This is a wonderful book! It tells the story of a doll who goes through many life experiences just as a person would. It basically talks about life from the perspective of a doll. There are also life lessons that are talked about in the book. These lessons are very clear and directly stated in the book which go along with the current situation. I loved reading this book because of all the adventures. I would highly recommend this book, it's a great read.
Guest More than 1 year ago
Hitty: Her First Hundred Years, as originally written by Rachel Field in 1929, is delightful. The story follows the adventures of a doll, carved by a peddler from a piece of mountain ash, as told in her own words. From being proclaimed a ¿heathen¿ goddess on a South Seas Island, traveling with a snake charmer in India, being alternately a fashion plate and a demure Quakeress in the midst of the Civil War, Hitty and her story are truly captivating. Rachel Field has given the world a wonderfully exciting and deeply touching glimpse at history through the eyes to this remarkable doll. The charm of this old fashioned story is enduring, powerful enough to endear itself to each new generation of readers that discovers it.
Guest More than 1 year ago
Hitty her First hundred years is an excellent read for people wanting a great adventure story. I picked up this book not knowing what to expect because I am reading all of the newbery books. I have to say I was well pleased with the way the story was written and the wonderful descriptions of the surroundings and feelings of the doll. I would recommend this book to anyone. I have read the old version and I do not think that it needed to be improved upon. It was wonderfully written. Why rewrite a classic?
Guest More than 1 year ago
Someone was asking me to reccomend a good children's novel and I immediately remembered this one. I must have read it at least 5 or 6 times as a child. I would reccomend to any young girl.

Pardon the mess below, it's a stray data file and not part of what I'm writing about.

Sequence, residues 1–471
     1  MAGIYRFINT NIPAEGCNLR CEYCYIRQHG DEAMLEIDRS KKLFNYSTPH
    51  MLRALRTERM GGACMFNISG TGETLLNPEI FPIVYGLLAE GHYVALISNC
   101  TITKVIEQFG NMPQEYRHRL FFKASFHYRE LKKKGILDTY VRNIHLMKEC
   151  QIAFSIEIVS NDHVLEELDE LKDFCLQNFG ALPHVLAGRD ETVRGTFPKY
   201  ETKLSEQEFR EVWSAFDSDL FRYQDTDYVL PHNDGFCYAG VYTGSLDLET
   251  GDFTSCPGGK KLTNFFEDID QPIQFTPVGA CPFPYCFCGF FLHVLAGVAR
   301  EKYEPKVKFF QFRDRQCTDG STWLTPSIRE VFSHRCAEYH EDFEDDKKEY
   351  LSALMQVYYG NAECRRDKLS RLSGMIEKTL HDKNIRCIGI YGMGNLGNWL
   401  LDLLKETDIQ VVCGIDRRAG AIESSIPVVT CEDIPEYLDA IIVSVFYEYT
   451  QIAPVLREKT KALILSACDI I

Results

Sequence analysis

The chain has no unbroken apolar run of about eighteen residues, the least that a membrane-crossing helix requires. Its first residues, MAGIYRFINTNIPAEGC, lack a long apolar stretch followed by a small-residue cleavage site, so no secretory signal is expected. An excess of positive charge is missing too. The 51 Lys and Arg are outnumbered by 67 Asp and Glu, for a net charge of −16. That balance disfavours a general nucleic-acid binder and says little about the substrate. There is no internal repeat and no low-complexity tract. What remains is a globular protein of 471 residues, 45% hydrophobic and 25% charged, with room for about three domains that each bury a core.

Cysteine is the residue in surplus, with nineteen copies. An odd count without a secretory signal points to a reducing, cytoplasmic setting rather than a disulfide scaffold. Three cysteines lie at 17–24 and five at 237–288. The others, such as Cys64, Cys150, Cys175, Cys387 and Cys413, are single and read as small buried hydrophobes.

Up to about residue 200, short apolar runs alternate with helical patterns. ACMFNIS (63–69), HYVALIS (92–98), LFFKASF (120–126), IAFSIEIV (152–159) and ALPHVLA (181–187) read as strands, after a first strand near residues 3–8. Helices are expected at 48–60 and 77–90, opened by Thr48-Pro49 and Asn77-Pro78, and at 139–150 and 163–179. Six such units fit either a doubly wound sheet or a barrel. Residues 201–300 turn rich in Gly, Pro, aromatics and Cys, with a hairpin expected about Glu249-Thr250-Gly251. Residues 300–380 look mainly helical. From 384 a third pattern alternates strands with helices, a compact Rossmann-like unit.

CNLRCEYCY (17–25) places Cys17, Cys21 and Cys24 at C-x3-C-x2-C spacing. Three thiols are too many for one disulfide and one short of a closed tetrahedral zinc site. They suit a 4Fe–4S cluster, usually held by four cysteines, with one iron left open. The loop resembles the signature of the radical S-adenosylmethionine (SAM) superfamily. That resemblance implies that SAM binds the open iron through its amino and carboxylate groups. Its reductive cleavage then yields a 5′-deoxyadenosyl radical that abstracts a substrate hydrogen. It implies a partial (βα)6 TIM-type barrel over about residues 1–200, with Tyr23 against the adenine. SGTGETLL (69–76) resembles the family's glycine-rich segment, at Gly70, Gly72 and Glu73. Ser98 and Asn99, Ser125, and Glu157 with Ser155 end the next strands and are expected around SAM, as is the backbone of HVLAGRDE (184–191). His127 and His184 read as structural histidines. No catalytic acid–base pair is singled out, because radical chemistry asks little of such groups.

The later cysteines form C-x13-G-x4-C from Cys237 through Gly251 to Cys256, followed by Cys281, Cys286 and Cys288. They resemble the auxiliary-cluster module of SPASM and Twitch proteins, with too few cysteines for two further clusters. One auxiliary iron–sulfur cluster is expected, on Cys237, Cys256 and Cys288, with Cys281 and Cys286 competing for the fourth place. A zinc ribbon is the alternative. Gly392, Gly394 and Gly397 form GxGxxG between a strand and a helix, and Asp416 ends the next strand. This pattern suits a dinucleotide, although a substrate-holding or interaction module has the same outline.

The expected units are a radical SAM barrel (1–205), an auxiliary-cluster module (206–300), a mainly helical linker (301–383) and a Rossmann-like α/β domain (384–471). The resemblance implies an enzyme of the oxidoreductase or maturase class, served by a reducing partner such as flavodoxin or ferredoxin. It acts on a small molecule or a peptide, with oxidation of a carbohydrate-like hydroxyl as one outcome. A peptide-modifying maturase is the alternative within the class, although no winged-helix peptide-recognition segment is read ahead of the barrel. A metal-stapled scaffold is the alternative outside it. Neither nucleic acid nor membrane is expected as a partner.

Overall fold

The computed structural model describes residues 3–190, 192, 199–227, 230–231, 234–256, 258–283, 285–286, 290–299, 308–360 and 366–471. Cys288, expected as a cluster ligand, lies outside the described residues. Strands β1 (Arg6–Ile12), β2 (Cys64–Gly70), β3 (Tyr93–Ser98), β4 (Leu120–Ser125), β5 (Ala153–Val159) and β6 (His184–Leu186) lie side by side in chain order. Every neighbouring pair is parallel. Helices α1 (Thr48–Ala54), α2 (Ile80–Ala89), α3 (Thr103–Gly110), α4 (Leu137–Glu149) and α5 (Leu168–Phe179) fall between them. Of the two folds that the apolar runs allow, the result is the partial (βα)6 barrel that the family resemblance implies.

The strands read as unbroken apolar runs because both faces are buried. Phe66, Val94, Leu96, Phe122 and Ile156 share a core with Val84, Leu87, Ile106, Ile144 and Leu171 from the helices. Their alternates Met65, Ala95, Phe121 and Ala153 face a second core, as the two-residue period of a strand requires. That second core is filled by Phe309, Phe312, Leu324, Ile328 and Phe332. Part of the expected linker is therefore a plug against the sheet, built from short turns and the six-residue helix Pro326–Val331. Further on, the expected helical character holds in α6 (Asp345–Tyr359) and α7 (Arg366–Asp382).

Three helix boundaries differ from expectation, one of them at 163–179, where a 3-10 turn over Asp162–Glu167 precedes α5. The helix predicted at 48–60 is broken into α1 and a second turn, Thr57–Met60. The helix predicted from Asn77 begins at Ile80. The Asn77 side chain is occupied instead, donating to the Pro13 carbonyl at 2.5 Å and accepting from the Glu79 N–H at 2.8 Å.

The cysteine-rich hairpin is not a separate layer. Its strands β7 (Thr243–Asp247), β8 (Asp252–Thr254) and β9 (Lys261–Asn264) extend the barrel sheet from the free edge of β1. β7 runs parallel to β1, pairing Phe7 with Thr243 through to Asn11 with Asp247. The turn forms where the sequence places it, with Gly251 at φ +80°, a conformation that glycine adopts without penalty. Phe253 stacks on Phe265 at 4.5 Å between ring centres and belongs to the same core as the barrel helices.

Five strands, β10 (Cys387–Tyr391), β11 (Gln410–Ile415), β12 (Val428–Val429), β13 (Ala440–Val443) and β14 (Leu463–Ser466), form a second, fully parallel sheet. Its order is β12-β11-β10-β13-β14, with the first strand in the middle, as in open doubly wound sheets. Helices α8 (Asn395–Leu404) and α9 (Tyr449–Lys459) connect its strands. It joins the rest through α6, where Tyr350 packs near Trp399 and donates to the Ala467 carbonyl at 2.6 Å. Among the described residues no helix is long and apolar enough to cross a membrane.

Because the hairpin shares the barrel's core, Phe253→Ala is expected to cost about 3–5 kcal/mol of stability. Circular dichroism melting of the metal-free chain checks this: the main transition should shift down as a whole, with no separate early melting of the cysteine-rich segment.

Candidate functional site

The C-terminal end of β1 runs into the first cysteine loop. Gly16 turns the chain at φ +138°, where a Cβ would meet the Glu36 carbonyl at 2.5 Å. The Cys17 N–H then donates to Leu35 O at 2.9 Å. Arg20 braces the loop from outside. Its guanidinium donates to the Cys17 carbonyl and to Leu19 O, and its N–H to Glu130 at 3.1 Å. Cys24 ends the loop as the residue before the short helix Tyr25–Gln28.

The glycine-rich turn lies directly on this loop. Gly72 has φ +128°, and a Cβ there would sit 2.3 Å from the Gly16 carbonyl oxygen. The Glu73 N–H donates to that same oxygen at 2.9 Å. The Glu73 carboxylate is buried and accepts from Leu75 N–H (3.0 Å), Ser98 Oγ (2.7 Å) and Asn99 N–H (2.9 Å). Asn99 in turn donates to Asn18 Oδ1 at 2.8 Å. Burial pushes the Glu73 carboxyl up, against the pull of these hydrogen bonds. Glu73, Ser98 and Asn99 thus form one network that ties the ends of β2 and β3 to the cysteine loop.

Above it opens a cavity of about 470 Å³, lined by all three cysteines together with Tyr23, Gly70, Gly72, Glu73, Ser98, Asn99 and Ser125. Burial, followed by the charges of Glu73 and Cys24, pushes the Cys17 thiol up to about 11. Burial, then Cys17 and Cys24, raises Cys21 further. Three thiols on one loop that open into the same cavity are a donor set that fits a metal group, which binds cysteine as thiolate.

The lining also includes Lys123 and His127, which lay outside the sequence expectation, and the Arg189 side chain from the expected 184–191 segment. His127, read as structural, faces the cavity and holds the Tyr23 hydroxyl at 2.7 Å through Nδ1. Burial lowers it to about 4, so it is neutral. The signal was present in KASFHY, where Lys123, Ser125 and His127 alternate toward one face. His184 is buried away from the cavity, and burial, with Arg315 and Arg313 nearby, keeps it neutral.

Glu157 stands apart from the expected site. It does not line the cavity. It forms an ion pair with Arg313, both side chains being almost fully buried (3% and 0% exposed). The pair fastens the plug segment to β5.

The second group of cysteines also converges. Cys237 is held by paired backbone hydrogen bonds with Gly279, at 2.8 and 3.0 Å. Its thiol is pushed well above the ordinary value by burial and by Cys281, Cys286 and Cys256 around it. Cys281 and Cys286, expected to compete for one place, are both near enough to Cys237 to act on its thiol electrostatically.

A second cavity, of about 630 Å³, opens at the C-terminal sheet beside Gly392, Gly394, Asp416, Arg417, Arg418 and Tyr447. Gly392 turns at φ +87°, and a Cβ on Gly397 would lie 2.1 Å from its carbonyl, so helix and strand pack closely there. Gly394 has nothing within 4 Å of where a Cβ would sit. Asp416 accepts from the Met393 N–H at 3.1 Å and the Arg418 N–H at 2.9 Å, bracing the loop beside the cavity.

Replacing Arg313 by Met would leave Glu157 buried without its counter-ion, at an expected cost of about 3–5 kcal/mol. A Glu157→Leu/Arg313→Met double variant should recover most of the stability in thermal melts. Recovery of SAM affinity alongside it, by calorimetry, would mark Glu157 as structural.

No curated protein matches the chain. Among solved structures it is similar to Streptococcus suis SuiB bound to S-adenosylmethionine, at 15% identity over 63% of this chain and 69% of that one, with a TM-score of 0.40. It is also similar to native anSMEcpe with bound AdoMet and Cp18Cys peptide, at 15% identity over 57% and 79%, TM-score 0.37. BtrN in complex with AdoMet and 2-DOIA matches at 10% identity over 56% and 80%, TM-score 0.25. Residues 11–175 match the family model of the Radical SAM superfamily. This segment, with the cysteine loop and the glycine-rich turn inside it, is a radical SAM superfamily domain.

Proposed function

Guest More than 1 year ago
This is an excellent book and I hope everyone has a chance to read it.
Guest More than 1 year ago
I'm not quite done the book yet but I only have a few pages left to go. I chose this book because my friend reccomended it. I thought it would be about a doll with an ordinary life but it was nothing like that. Hitty was carved out of mountain ash wood which is-according to the story-lucky. She travels all around the world and has several owners who all love her and unfortunatley lose her at some point. It is a realistic-fiction book and I like reading that type of story.I liked the book because it had a lot of good discription of where Hitty was and it had detail. Such as "I thought I could not last even one more night like this with these twigs poking me all over, surely my dress is ruined for good."I think this is a great book to read and I reccomend it to you!
Guest More than 1 year ago
I read this book 17 years ago in a Language Arts class in 6th grade. I havent forgot it yet. The book has old world charm and is very eventful. I recommend this book to all little girls with a big imagination.
Guest More than 1 year ago
I read this book because my grandmother bought it for me. I am a couple years out of the age range they give but I thoroughly enjoyed this book.
Guest More than 1 year ago
I read Hitty a week ago, by going over to a friend's house, and dsicvoering it. The book was written in large font. 'It's a baby book,' Molly said. But I read on. The book was not a baby book at all. The story of Hitty's many owners, the sadness when I read that Hitty never saw her first owner again. I felt awful for her when she was stolen, and stuck in a glass case with some snotty French dolls. Throughout the story you can relate to Hitty the whole time. It's terrific. I have many dolls myself, but I think I'd love to have Hitty.
Guest More than 1 year ago
Hitty was a very special doll. She lived with so many different people, that there were almost too many to count. Hitty had a life full of adventure. Her life began when an old peddlar carved her out of mountain ash wood. She is said to be good luck. The old peddlar gave her to Phoebe Preble. To find out who she goes through all of her adventures with, you have to read the book!